Tuesday, December 15, 2015

Non-Performing Loans And Fairness

The four large Greek banks, supervised by the ECB, will need to make very substantial write-off's on their loan portfolios in the next years.  Roughly half of all their loans are non-performing (107 BEUR at the ECB's last count). At this point, there are wild guesses as to how much of that 107 BEUR will eventually have to be written off.

Loans are an asset of a bank and a liability of a borrower. When a lender writes off an asset, he takes a loss (because he doesn't get the money which is due to him) while the borrower registers a gain (because he doesn't have to pay everything he owes). The lender's loss is material. The borrower's gain is not when he truly does not have the money to pay the lender. An overdebted borrower does not benefit when the debt which he truly can't pay is reduced.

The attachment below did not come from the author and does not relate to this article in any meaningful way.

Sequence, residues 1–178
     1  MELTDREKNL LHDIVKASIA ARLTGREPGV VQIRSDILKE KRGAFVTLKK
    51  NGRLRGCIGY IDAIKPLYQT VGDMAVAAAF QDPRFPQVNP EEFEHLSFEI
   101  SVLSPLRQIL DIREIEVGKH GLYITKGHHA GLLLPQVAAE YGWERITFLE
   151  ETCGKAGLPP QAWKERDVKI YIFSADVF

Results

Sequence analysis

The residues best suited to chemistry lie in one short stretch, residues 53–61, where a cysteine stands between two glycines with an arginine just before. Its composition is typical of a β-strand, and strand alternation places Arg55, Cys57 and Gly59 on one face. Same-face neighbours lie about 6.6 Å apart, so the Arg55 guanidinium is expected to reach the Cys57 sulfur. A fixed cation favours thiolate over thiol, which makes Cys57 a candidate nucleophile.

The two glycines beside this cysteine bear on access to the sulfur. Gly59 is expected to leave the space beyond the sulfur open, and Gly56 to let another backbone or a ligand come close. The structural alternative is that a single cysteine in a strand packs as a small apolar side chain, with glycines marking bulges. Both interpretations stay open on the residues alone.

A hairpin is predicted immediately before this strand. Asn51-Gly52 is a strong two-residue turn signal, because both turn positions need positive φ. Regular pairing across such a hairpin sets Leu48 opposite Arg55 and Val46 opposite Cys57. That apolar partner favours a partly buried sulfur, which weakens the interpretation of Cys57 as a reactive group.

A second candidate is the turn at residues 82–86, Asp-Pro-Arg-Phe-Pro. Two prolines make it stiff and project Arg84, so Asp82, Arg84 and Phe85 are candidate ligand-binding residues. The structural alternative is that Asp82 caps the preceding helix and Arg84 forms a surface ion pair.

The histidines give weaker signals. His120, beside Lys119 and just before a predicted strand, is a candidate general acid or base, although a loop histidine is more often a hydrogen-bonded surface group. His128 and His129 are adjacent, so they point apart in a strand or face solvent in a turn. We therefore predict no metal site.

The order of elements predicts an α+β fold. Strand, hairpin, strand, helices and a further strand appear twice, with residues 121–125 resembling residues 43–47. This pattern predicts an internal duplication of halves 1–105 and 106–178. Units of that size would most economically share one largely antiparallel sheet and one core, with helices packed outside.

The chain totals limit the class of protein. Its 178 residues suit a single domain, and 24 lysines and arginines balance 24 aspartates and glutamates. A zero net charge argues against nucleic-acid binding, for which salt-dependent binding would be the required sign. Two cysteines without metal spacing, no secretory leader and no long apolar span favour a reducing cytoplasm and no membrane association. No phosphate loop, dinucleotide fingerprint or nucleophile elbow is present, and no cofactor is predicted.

There are essentially 3 ways in which a bank can resolve non-perfoming loans which have no chance of ever returning to full performing status:

1) Initiate bankruptcy proceedings.
2) Negotiate settlements with borrowers.
3) Sell the loans to a specialized fund at a deep discount.